Ukraine Installs New PM amid Crimean Take-Over
CRIMEAN PENINSULA - Security forces are on high alert in eastern Ukraine after pro-Russian gunmen took control of two government buildings in Crimea, including the parliament.
In the meantime, Ukraine's parliament is moving forward with building a new government, despite claims from fugitive President Viktor Yanukovychthat he's still in charge of the nation.
On Thursday, the legislative body approved Arseniy Yatsenyuk as the country's new prime minister.
The country is seeking stability, even as neighboring Russia is stepping up its military presence along the border. Approximately 150,000 Russian troops are there for what's being called a military drill.
Meanwhile, in southern Ukraine, along the shores of the Black Sea, another political crisis is brewing as pro-Russian demonstrators welcome the installation of a Russian mayor in Sevastopol.
"Sevastopol is a legendary Russian city and it must stay that way," one passerby told CBN News.
The city is Yanukovich territory, and his followers are angry at his overthrow.
"A bunch of bandits have taken over Kiev, and we will not obey their laws or recognize them here," another resident said.
Crimea began as part of Russia, then became part of Ukraine following the collapse of the Soviet Union. Ethnic Russians make up about 60 percent of the population.
Since Yanukovich's impeachment, a growing number of them want to separate from Ukraine and rejoin Russia.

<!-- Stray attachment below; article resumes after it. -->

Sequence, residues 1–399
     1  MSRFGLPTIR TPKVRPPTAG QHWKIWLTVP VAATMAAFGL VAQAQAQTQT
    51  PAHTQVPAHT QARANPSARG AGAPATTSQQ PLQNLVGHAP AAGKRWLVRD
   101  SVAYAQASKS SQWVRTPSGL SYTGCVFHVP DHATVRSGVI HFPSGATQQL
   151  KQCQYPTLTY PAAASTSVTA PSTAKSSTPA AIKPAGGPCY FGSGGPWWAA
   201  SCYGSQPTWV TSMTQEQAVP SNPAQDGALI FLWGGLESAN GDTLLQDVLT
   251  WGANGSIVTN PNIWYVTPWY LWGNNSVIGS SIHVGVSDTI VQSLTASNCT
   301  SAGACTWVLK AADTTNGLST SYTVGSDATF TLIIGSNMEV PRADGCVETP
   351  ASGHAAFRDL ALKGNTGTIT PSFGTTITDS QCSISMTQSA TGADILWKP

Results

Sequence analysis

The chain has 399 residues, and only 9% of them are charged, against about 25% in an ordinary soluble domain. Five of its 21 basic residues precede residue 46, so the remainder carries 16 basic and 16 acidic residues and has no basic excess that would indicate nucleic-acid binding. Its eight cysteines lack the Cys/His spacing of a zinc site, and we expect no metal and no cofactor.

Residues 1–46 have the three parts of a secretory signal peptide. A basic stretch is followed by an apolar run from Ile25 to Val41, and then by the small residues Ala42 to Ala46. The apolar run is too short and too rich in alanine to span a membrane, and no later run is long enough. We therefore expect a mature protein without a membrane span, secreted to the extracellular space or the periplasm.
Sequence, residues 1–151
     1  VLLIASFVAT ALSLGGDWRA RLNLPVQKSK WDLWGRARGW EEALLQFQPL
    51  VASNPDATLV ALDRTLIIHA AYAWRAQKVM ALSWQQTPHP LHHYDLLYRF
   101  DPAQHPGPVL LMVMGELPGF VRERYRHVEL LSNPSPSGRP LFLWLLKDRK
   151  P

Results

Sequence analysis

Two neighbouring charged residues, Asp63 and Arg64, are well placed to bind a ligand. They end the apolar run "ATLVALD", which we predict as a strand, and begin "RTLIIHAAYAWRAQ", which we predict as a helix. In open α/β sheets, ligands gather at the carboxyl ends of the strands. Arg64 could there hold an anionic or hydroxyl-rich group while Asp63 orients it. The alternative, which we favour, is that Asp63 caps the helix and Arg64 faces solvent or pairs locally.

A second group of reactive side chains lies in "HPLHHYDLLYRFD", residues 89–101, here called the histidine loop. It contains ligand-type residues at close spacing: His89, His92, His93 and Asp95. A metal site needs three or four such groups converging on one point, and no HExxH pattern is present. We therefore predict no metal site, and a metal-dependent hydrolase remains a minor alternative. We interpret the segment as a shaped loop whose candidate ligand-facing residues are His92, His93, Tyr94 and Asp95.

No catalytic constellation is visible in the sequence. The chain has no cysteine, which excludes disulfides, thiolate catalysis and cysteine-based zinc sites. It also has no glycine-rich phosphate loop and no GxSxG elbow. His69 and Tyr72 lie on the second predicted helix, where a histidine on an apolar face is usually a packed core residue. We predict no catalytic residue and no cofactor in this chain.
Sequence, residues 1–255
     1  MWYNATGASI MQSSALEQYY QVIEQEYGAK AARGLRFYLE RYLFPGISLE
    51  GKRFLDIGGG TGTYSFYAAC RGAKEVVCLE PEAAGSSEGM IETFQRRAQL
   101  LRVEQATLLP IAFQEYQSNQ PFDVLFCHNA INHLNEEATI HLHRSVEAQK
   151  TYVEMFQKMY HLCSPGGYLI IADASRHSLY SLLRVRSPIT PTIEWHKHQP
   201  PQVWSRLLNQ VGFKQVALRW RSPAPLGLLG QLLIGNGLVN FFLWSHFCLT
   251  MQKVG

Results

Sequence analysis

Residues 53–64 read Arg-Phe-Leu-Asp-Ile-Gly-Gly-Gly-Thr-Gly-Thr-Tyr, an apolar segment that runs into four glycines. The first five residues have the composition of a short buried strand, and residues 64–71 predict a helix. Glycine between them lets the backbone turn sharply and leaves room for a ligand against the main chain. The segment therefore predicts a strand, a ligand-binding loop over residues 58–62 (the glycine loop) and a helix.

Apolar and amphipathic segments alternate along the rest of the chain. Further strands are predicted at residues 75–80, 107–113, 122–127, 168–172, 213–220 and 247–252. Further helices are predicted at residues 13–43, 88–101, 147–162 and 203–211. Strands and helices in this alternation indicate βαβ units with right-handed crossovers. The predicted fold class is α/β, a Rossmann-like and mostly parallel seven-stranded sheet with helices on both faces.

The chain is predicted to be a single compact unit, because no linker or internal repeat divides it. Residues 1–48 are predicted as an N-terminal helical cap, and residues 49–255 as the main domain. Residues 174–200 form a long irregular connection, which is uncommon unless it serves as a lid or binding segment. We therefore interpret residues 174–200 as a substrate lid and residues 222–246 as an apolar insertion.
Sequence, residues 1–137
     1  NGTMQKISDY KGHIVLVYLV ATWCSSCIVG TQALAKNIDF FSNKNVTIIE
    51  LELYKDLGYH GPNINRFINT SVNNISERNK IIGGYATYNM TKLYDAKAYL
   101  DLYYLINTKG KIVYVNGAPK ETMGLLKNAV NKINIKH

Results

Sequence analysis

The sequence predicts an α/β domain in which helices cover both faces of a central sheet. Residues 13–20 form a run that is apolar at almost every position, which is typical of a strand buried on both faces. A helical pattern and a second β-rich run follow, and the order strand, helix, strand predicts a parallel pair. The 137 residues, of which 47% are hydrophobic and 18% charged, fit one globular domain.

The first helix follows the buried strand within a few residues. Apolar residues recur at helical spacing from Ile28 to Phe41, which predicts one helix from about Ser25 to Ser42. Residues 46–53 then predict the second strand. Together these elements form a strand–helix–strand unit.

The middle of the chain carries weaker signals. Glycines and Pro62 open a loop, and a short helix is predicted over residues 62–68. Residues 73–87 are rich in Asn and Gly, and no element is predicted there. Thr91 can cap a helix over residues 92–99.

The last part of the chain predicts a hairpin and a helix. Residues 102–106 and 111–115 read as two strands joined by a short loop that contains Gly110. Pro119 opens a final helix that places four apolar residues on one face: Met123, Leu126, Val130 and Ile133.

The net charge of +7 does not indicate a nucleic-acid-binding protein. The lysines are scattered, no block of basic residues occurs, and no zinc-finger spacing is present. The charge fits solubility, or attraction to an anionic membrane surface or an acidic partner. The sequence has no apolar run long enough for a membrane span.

"Yes, I'm willing to fight and go to war against those fascists in Kiev," another man told CBN News.
On Wednesday, ethnic Muslims who support Ukraine clashed with demonstrators in Sevastopol calling for stronger ties with Russia. At least 20 people were injured.
While anti-Ukrainian sentiments are at an all-time high here, so too are anti-American feelings.
When asked, "What do you think about America," one woman told CBN News "I think bad of America because they got involved in this conflict in Ukraine."
"We blame them," she charged. "Go back to America. Get out of Sevastopol, the Russian city of Sevastopol. Get out! That's it!"
Crimea is of huge strategic importance to Russia. It is home to Russia's Black Sea naval fleet.
The change in government in Kiev has raised some serious questions about Russia's continued presence in the Crimean port city of Sevastopol, where the Russian Navy has some 25,000 personnel stationed.
"They need to be here to protect the city, especially with all that's going on in the country," one man said.
Carrying banners reading "God Bless Russia" and "Save Sevastopol," thousands of Crimeans gather in the city's square each evening, asking Russia to help protect their territory from "terrorists" and "fascists" coming from Ukraine.